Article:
This recipe was passed down to my grandmother from her mother — my great grandmother.
Great Granny Eary used a cup of cold unsalted butter. She would grease — an iron skillet if cutting the recipe in half or a 13 x 9 baking/cake pan for the full recipe — with bacon grease or lard to bake them in.
The butter she used was home churned and chilled in a bowl or saucer set on top of a bowl of ice — ice that was usually chipped from a block of ice and used to chill the old fashioned ice box before modern day refrigeration. It didn’t have as much room inside as modern day refrigerators have. It was just a tiny, cool box inside and was usually only used to store her bacon, a glass pitcher or bottle of milk, and sometimes a small basket or bowl of eggs if not used within a few days so they’d last longer. She would put her eggs in water and if they floated upwards they were tossed out and worked into the garden soil along with any used coffee grounds. There was no freezer section in her old style ice box and the area on top where the ice block went was almost completely filled up by the ice block.
I’m amazed my sister and I were never injured as often we would sneak into the kitchen to play with the ice tongs and ice pick! Our mother and grandmother would get on to us repeatedly while Great Granny told them, “Just leave them be! They’ll learn!” I suppose after raising so many children, mostly boys, my great grandmother learned to pick and choose her battles and the value of a lesson learned the hard way.
Granny Betty used 1/2 cup Crisco and 1/2 cup butter chilled in a modern day refrigerator. She buttered a baking sheet to bake them on.
Depending upon the type of pan used, if using the full recipe or halving the recipe, altitude, etc. the bake times will vary. Keep a close eye on the biscuits after the first 8 minutes until they are golden brown.
Grandma Betty’s Southern Buttermilk Biscuits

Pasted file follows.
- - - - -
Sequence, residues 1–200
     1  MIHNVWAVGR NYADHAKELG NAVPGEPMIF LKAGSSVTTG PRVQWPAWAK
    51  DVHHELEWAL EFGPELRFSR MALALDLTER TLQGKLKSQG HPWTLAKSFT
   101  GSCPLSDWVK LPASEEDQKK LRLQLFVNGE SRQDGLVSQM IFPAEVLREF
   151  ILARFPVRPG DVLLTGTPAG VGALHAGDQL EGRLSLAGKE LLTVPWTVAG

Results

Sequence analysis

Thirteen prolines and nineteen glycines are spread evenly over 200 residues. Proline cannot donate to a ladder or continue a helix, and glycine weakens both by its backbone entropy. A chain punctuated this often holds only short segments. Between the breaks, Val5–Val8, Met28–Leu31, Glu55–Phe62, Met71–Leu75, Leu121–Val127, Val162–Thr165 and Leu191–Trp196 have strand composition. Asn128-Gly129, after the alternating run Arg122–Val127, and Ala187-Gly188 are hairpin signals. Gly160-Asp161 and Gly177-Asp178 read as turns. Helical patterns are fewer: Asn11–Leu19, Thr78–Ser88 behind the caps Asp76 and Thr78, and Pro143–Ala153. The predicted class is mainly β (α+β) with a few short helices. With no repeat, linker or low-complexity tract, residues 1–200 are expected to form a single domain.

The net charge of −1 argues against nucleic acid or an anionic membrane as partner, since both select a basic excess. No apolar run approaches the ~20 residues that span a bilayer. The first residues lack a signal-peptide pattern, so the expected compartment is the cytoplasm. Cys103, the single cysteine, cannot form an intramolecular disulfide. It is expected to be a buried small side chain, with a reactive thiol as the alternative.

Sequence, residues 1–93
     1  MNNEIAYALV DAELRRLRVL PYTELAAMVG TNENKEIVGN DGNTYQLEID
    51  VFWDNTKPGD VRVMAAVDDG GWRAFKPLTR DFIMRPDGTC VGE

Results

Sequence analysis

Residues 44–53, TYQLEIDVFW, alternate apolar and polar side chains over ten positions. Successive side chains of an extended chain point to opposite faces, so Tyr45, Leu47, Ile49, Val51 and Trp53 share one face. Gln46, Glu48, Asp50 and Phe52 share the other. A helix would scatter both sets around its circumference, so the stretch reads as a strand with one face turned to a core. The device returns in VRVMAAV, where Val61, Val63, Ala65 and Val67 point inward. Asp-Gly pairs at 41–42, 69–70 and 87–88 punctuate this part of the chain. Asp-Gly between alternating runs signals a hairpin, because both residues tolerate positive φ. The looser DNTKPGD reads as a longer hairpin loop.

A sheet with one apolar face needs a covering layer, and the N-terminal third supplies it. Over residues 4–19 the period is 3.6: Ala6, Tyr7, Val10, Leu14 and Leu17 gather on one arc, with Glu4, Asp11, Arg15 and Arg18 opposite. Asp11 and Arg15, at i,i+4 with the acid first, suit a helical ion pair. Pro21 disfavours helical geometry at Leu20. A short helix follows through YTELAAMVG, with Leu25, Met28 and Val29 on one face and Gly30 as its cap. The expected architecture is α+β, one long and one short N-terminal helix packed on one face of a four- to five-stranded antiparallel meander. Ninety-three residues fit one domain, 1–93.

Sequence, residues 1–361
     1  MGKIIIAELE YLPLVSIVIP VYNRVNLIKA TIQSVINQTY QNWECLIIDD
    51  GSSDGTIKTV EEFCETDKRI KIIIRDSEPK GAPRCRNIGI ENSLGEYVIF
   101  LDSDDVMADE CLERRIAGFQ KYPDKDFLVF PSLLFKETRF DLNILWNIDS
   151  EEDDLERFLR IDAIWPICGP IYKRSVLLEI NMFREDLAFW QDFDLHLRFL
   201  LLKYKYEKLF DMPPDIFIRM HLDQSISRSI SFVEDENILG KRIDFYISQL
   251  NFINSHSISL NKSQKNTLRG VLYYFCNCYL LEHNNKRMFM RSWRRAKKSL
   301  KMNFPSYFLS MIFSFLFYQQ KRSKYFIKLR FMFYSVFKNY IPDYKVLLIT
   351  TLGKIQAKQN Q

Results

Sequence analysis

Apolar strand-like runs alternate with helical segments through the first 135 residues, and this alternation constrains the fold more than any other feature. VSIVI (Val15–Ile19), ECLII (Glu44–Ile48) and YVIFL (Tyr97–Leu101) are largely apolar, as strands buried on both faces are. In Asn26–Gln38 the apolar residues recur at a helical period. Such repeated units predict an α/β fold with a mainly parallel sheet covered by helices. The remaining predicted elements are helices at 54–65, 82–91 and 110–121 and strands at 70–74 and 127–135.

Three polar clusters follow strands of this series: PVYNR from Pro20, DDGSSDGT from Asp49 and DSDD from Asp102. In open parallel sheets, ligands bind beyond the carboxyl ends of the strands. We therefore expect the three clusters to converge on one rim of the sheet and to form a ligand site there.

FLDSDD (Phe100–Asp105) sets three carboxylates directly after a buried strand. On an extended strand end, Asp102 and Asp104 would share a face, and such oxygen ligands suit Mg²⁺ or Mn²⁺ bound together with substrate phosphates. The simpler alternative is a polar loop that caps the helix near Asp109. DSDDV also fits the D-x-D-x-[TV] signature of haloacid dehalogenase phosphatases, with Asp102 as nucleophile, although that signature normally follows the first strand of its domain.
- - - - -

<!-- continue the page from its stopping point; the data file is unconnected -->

Put 1/2 cup of Crisco and 1/2 cup (1 stick) butter in refrigerator to chill.
Stir 1 Tbsp sugar into 2 cups of buttermilk and set aside.
Butter a large baking pan and set aside.
Place 1-1/2 teaspoons baking powder and 1/2 teaspoon salt in a measuring cup. Add all-purpose flour to measure 1 cup. Repeat three times more for a total of four cups.
Sift two cups at a time of the flour mixture together, sifting three times each, then whisk together in large mixing bowl.
Cut or pinch in cold Crisco and butter until mealy.
Add the sweetened buttermilk and mix together.
Pour dough onto a floured surface and knead about 4 or 5 times.
Sprinkle a bit of flour over top. Roll out with a floured rolling pin until about 3/4 inch thick and cut with 2-1/2 inch biscuit cutter. Dip cutter in flour then press cutter straight down and lift straight up without twisting.
Place on buttered pan almost but not quite touching. Let rest while heating oven to 425 F degrees.
Bake on the buttered pan at 425 F degrees for about 12 minutes or just until golden brown.
Rub tops with a stick of cold butter right away and serve hot.
Makes 16 biscuits
My late husband’s favorite biscuit was store bought Grand’s fluffy layered biscuit. That same effect can be recreated using Granny’s recipe.
Roll out thinner (1/8 inch thick), then using finger tips rub with a very thin, almost translucent (see through) coat of room temperature softened butter, sprinkle with a very light dusting of sifted flour (use a very light touch or you’ll be biting into raw flour), then fold one end over a fourth of the way and repeat for three more folds, gently roll out, butter and dust with sifted flour, fold in half, and gently roll once more before cutting out biscuits to get the layered style. You do not want to press down hard when rolling or the layers will be lost.
Instead of a buttered pan, I used a baking sheet lined with parchment paper.
However, I am not usually up to rolling out biscuits these days. I now use a recipe which can be mixed in my Kitchen Aid and then poured into a buttered casserole dish, baked, and then sliced into squares.